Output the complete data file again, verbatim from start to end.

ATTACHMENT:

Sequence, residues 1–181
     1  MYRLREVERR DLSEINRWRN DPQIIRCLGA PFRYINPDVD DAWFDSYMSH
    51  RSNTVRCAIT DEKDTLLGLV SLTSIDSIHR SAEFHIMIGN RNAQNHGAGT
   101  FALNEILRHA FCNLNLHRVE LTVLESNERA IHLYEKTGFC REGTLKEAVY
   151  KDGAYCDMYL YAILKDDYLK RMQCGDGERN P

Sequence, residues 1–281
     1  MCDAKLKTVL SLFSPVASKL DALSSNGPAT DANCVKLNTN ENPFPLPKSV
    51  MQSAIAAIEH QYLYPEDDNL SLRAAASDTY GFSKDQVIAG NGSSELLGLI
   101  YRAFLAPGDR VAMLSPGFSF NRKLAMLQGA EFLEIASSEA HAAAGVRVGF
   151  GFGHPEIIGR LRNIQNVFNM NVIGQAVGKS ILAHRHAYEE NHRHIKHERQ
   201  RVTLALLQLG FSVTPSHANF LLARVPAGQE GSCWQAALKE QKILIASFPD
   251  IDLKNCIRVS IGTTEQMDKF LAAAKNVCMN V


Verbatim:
Sequence, residues 1–181
     1  MYRLREVERR DLSEINRWRN DPQIIRCLGA PFRYINPDVD DAWFDSYMSH
    51  RSNTVRCAIT DEKDTLLGLV SLTSIDSIHR SAEFHIMIGN RNAQNHGAGT
   101  FALNEILRHA FCNLNLHRVE LTVLESNERA IHLYEKTGFC REGTLKEAVY
   151  KDGAYCDMYL YAILKDDYLK RMQCGDGERN P

Sequence, residues 1–281
     1  MCDAKLKTVL SLFSPVASKL DALSSNGPAT DANCVKLNTN ENPFPLPKSV
    51  MQSAIAAIEH QYLYPEDDNL SLRAAASDTY GFSKDQVIAG NGSSELLGLI
   101  YRAFLAPGDR VAMLSPGFSF NRKLAMLQGA EFLEIASSEA HAAAGVRVGF
   151  GFGHPEIIGR LRNIQNVFNM NVIGQAVGKS ILAHRHAYEE NHRHIKHERQ
   201  RVTLALLQLG FSVTPSHANF LLARVPAGQE GSCWQAALKE QKILIASFPD
   251  IDLKNCIRVS IGTTEQMDKF LAAAKNVCMN V